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Special needs draft leaves out dyslexia and poor sight

Every child should have the legal right for help to unlock their full potential, says Rhondda headteacher

MAJOR BARRIERS to the academic performance of pupils that can have lasting effects into adulthood, such as dyslexia, attention deficit disorder, hyperactivity and emotional problems, have not been included in proposals to overhaul special educational needs learning in Wales, it has emerged.

Their exclusion from new draft legislation, which also includes sensory impairment sight and hearing, were branded too narrow this week amid calls for the legislation to be extended to every child with a disability to "unlock all their potential".

Even children who are bullied or are gifted or talented should be included in new policy designed to transform delivery and provision for SEN pupils, according to acting children's commissioner for Wales Maria Battle, who gave evidence to the Assembly's enterprise and learning committee last week,

In July former education minister Carwyn Jones asked for additional powers from Westminster called a legislative competence order (LCO) so he could proceed with Wales-only plans to overhaul provision and delivery of additional learning needs.

This followed the findings of a four-year review that made a raft of recommendations to improve the teaching and life outcomes of SEN pupils in Wales.

It was a historic move, the first LCO to be brought forward under new powers granted to Wales through the 2006 Government of Wales Act.

Fears that the new powers may not be as strong as first thought have already surfaced, with First Minister Rhodri Morgan admitting passing new Wales-only legislation might prove a difficult process.

And disappointment with the newly drafted proposals has led to criticism this week that it is a "half-measure", leaving out children with major learning needs, such as those diagnosed with dyslexia and others struggling to read and write.

The complaint centres on the definition of disability in the draft proposal and its narrowness, a concern repeated at the chalk face and by teaching unions this week. Andy Henderson, head of special school Ysgol Hen Felin in Rhondda, agrees the draft measure should be widened.

"Additional needs has been the forgotten body under Westminster," said Mr Henderson, welcoming moves to overhaul current Welsh provision.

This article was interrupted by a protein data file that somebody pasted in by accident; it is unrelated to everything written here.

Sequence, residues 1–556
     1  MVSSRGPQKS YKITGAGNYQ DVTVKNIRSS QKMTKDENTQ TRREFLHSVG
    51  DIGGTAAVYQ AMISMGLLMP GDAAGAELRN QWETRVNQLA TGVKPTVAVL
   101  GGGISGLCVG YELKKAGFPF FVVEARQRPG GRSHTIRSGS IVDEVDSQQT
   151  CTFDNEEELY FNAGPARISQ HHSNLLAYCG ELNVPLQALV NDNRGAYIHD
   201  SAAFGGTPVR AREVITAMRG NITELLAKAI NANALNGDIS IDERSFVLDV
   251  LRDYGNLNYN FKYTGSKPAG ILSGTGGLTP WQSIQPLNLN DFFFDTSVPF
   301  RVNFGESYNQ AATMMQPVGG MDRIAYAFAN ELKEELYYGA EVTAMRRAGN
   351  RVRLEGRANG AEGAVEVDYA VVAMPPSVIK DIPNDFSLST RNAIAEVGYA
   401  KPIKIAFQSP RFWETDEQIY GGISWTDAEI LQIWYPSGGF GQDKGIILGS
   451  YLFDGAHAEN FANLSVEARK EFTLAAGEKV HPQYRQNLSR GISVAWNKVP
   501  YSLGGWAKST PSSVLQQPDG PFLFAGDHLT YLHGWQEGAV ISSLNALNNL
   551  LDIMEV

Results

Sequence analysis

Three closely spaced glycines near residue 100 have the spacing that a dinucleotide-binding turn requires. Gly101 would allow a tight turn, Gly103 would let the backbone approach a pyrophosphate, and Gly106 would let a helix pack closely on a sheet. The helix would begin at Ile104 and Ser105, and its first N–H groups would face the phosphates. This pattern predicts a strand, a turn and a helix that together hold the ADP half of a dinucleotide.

"However, it is important the legislation is as wide as possible, covering every special needs child and unlocking all their potential."

But how far the proposed legislation goes is still open for consultation. In evidence, Ms Battle told how the draft measure ignored motor neurone difficulties, deafness, sight problems, communication difficulties, attention deficit, hyperactivity, emotional problems or general poor health.

However, it is also claimed that the definition not only needs to be widened in a learning context but also to support other children with additional needs, something Scotland has already passed in law. Examples given were bullied children or those who were exceptionally gifted.

Dr Alison Stroud from the Royal College of Speech and Therapists, said communication difficulties needed to be included in the definition alongside the current description of "physical or mental impairment".

In the organisation's official response it says that six in 100 pupils in the UK two per classroom suffer from a communication impairment that often lasts into adult life. The paper said any proposals should also include "adequate resources" for delivery.

Welsh-medium teachers' union UCAC general secretary Gruff Hughes said: "There is no point in drafting a new law unless the broad spectrum of special needs has been looked at."

NUT Cymru spokesman Rhys Williams said an emerging picture where Wales could not include important parts of legislation in new measures because some areas might still be controlled by Westminster was "absurd".

A plethora of organisations gave evidence to a cross-party special educational needs committee representing a wide range of disabilities, including dyslexia and speech therapy, which is suffering from a severe staffing shortage.

The committee came out in favour of reducing statements legally binding documents of SEN for pupils.

It also recommended giving SEN children the right to appeal to a tribunal, something consultees say is also not catered for in the proposed legislation. More evidence will be given over the next few weeks to the enterprise and learning committee.

An Assembly government spokesperson said: "We are carrying out scrutiny of the proposed ADL LCO measure and will be looking at all the evidence before reporting back."

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